As a FarmWeek CropWatcher, Larry Hummel sees great value in documenting and sharing farm and market conditions for others to gain insight into each season and for historical reference.
So, it was quite a pleasant surprise for Hummel, who farms near Dixon (Lee County), when he recently uncovered some historic ag publications and found farm reports from more than 100 years ago.
“There was an auction down the highway. It was a cold and windy day this fall,” said Hummel, who caught a cold that day but was still glad he went to the sale. “I was able to buy a few things. These magazines ended up being my prime purchase.”
Hummel found a stack of 25 historic ag publications and purchased the bundle for $5. Most were dated between 1914 and the 1940s and included issues of Prairie Farmer, Dairy Farmer and The Farmers Review among others.
Prairie Farmer, currently part of Farm Progress Co., was first printed in 1841 in Chicago and was called The Union Agriculturalist and Western Prairie Farmer.
“The old Prairie Farmer covers are so neat,” said Hummel.
But one of his favorite features in the publications was called Letters from Farmers. It was in a 1914 copy of The Farmers Review: The Practical Paper for the Business Farmer.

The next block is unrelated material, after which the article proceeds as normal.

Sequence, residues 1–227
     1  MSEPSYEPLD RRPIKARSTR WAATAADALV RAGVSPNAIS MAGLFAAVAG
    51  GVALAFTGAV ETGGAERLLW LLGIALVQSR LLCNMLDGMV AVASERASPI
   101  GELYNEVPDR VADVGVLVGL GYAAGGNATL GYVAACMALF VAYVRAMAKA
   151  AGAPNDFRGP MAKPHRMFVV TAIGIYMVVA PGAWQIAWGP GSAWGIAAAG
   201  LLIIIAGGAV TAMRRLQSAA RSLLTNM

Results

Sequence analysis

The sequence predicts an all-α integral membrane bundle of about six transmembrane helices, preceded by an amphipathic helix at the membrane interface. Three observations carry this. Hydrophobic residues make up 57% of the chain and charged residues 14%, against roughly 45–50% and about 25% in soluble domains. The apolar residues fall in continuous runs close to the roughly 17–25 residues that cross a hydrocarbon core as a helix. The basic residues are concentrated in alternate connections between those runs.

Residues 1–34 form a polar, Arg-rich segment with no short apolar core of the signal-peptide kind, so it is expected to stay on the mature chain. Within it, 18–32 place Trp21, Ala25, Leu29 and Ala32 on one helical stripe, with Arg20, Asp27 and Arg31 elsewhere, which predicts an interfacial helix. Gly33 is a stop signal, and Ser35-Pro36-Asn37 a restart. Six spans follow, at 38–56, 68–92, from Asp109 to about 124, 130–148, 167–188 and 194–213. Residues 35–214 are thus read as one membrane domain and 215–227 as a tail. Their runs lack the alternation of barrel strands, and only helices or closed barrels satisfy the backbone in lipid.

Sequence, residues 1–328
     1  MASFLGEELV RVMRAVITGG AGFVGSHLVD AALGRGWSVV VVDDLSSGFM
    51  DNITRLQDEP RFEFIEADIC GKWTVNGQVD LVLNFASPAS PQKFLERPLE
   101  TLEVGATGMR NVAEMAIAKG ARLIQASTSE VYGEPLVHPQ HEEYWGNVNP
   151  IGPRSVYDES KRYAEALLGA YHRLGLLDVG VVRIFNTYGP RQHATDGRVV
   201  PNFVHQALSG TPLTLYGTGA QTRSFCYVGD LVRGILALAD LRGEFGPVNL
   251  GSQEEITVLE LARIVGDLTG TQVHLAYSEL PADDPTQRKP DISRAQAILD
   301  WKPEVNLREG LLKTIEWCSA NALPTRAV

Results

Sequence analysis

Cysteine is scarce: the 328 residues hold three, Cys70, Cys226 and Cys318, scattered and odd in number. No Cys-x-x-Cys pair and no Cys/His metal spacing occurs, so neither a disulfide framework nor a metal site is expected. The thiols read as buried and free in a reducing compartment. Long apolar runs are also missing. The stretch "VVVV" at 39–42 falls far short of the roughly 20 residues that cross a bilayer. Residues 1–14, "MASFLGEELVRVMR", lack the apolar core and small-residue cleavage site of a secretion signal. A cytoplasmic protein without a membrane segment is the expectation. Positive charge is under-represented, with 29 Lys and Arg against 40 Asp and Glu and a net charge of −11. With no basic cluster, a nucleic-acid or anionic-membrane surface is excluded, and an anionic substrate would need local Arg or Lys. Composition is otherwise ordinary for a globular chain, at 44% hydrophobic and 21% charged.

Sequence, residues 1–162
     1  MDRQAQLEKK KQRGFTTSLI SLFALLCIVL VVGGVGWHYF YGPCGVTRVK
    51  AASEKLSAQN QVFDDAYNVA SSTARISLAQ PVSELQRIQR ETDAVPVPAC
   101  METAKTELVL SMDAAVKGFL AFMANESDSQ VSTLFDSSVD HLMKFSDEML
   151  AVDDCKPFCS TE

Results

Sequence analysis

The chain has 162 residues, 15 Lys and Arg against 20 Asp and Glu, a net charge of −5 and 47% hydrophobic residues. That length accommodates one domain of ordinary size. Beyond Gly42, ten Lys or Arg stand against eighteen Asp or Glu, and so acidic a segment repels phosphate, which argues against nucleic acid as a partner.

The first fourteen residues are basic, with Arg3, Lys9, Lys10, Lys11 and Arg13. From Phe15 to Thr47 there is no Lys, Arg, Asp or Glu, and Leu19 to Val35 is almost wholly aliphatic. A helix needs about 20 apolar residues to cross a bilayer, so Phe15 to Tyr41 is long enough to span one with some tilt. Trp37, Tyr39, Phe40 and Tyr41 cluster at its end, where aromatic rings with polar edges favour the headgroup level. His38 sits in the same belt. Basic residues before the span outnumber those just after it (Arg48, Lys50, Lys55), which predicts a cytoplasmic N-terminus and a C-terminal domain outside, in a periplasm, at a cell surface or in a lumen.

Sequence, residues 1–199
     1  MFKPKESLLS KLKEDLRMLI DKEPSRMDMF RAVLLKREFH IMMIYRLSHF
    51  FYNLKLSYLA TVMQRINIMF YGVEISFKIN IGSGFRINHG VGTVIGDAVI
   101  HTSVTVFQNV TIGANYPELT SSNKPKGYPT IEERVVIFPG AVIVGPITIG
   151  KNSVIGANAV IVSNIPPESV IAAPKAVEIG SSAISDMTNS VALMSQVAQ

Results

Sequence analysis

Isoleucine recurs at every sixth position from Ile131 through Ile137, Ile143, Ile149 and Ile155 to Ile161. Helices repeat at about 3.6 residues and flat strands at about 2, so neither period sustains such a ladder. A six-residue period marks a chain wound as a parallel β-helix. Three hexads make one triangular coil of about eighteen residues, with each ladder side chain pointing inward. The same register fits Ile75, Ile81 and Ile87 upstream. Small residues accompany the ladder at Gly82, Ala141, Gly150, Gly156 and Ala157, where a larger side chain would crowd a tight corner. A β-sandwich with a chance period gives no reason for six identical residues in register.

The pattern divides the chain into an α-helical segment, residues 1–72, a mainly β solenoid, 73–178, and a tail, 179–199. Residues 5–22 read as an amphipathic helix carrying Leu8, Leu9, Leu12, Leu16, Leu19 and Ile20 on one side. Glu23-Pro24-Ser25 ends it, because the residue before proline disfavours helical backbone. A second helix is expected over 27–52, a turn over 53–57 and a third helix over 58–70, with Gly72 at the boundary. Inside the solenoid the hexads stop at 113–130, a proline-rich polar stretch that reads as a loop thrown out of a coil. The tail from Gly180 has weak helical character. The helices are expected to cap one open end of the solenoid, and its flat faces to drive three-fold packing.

“I was just going through and found Letters from Farmers,” said Hummel, who quickly found a connection to the writings. “I started reading and thought, this sounds a lot like the (CropWatcher) reports we turn in. They were talking about weather and prices.”
While the popular CropWatcher reports have graced the pages of FarmWeek for nearly 30 years, with Hummel part of the weekly feature for the last 10-plus years, he enjoyed reading about the similarities and differences in farming from 107 years ago.
“They were worried about the same stuff,” he said. “Quite a few were talking about some of the dry times (August of 1914, nearly three years before the U.S. entered World War I).”
C.B. from Montmorency County in Michigan penned in the Aug. 15, 1914 issue of The Farmers Review, “corn is tasseling and much of it is silking. There is greater acreage than ever on account of many of the new settlers putting up silos.”
Hummel was also quite interested in prices of the day and found reports of prices around 70 cents per bushel for corn, 80 cents for wheat and an 8-acre farmland sale in Macon County for $50 per acre.
Corn prices subsequently rallied from 1914 up to 1919, peaking near $2 per bushel, before plummeting to just 41 cents per bushel by 1921 during the start of a 1920s farm crisis, which preceded the Great Depression (1929-33).
“Some of the writing is so different (compared to current times). It’s pretty interesting,” Hummel said. “I also like looking at a lot of the ads,” which date back to products sold before many farms had electricity.
CropWatcher reports, which date back to 1992 in FarmWeek, resume this spring. Reports can also be found on FarmWeekNow.com.